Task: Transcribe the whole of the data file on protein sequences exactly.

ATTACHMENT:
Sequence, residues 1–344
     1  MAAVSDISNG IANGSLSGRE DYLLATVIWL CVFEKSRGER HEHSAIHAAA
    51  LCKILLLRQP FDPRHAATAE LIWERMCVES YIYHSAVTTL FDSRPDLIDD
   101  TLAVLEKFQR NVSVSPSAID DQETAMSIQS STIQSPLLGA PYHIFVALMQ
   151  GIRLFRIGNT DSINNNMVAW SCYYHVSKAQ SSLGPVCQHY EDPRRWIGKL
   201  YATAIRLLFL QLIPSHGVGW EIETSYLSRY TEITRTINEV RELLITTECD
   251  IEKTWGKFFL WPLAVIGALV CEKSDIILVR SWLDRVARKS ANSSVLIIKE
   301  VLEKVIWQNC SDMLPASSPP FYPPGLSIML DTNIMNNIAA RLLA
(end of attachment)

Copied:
Sequence, residues 1–344
     1  MAAVSDISNG IANGSLSGRE DYLLATVIWL CVFEKSRGER HEHSAIHAAA
    51  LCKILLLRQP FDPRHAATAE LIWERMCVES YIYHSAVTTL FDSRPDLIDD
   101  TLAVLEKFQR NVSVSPSAID DQETAMSIQS STIQSPLLGA PYHIFVALMQ
   151  GIRLFRIGNT DSINNNMVAW SCYYHVSKAQ SSLGPVCQHY EDPRRWIGKL
   201  YATAIRLLFL QLIPSHGVGW EIETSYLSRY TEITRTINEV RELLITTECD
   251  IEKTWGKFFL WPLAVIGALV CEKSDIILVR SWLDRVARKS ANSSVLIIKE
   301  VLEKVIWQNC SDMLPASSPP FYPPGLSIML DTNIMNNIAA RLLA